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Explore the Bay in a dragon boat this Saturday

A photo from last year’s Paddle and Picnic. Photos: Dragon Max

By Robert Mills

Bay Area boaters and aquatic enthusiasts can look forward to fun in the water this Saturday at the third annual Paddle and Picnic hosted by the Berkeley Racing Canoe Center (BRCC). The free event will feature dragon boat rides, live music, kid’s crafts, an ice sculptor, a raffle and a silent auction at Berkeley Marina.

BRCC will provide a barbecue lunch for $10, and all proceeds and donations will go toward the center’s dragon boat team, Dragon Max.

“The dragon boat team does a lot of community service, especially our youth,” said Phyllis Ritchie, a member of Dragon Max. “[Wednesday] we are taking two boats full of the YMCA kids out on the water. Members of our team volunteer to help out. One of the reasons for the [Paddle and Picnic] is so we can continue these services.”


Dragon boats originated in China as a a team paddling sport. The long, often ornate boats are entirely people powered. Paddlers have taken part in competitive dragon boat racing for more than 20 centuries.

Guests take a ride in a dragon boat.

Prospective Bay Area paddlers can find the Paddle and Picnic event at Berkeley Marina just past the Double Tree Hotel across from Cesar Chavez Park at the Olympic Circle Sailing Club.

Ritchie hopes the event will help BRCC raise enough funds to maintain existing dragon boats and invest in new canoes, kayaks and an outrigger to be used for future community paddling events.

Dragon Max is Berkeley’s competitive, medal-winning dragon boat team. The 10-year-old team practices 52 weeks a year every Monday, Wednesday and Saturday at Berkeley Marina. The public team, led by Coach Rodger Garfinkle, invites newcomers of all ages to attend practices.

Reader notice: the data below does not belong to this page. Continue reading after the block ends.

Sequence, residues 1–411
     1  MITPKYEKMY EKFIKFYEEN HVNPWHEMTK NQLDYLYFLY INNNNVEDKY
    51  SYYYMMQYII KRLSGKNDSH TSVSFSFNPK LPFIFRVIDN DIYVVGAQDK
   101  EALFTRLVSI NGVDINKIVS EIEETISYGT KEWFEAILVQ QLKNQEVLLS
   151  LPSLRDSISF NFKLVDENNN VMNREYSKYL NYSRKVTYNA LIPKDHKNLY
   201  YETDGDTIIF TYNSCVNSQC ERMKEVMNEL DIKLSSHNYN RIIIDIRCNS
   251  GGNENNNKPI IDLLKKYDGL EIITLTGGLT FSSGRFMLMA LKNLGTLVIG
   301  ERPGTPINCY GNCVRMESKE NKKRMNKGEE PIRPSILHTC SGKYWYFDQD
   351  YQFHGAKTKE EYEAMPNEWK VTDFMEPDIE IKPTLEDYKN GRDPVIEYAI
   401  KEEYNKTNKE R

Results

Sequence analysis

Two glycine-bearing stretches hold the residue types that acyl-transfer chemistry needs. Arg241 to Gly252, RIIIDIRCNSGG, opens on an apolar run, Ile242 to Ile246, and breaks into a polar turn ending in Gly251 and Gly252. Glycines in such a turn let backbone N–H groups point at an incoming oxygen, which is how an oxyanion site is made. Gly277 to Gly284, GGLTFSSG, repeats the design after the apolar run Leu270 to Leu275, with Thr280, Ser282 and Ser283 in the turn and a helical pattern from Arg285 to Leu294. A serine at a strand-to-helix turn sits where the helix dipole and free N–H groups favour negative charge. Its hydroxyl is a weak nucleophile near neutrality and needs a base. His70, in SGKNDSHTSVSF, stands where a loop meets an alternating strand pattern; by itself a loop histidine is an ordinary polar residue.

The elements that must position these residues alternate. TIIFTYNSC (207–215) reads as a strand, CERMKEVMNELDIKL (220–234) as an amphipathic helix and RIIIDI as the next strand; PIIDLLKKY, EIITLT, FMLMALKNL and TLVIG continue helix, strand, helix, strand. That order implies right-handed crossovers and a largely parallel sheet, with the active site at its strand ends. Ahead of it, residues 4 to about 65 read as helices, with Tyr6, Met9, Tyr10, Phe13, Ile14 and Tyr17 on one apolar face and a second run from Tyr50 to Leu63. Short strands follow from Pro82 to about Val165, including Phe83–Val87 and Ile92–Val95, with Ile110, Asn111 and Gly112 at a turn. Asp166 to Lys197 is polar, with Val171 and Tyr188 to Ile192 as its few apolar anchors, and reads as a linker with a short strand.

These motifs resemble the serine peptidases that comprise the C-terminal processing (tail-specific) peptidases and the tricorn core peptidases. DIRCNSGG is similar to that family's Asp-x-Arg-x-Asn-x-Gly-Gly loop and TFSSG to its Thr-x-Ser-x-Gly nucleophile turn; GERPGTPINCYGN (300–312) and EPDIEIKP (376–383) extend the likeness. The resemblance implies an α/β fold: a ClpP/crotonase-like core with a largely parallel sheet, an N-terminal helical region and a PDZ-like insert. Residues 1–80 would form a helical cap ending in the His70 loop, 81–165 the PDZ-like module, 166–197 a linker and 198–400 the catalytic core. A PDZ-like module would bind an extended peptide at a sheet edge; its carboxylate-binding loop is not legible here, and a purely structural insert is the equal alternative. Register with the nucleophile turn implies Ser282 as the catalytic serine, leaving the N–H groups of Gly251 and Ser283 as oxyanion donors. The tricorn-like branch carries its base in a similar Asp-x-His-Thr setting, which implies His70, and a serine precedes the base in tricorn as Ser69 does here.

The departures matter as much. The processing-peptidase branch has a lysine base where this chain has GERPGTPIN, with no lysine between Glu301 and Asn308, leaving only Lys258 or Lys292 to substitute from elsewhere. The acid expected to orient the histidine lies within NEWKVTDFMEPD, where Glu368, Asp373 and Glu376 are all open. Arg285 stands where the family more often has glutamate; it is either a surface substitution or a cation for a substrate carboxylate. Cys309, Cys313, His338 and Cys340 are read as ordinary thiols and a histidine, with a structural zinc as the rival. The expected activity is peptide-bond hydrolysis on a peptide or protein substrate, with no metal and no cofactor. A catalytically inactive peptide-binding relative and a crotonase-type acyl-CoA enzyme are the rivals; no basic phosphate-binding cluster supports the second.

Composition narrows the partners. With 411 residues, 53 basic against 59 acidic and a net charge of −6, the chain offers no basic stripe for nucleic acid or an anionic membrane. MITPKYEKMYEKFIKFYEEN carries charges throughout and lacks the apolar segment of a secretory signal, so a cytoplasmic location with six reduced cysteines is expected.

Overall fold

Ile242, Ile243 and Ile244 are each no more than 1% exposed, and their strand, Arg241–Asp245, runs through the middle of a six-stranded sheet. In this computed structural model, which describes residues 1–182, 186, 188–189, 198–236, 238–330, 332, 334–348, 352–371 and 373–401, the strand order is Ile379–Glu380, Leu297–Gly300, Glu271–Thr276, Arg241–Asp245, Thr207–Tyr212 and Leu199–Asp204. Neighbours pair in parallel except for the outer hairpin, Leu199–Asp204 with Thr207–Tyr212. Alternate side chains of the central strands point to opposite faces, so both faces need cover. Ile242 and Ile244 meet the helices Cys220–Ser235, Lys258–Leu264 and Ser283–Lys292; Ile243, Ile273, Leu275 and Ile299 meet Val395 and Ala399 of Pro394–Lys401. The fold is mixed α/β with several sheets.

“Anybody can come and climb on the boat and give it a try,” Ritchie said. “We pull our dragon boats up to the loading dock, and we take people for paddling rides out in the marina so they can get a sense of what it’s like.


Dragon boaters come in all ages, shapes and sizes, Ritchie said. Almost anyone can do it, as long as they can get in and out of a boat with minimal assistance.

“I’m 66 and the second oldest woman in the boat, and I’m a strong paddler,” said Ritchie. “I’ve been doing it for 17 years.”

Ritchie said dragon boat racing is more about team cooperation than individual skill.

“One of the things I like about dragon boating is it’s absolutely and truly a team sport,” Ritchie said. “It’s available for anyone to try it out. You don’t have to be a jock to try it, and you can ultimately be good at paddling. There’s a sense of camaraderie, of increasing your health, and it’s just great to be on the water.”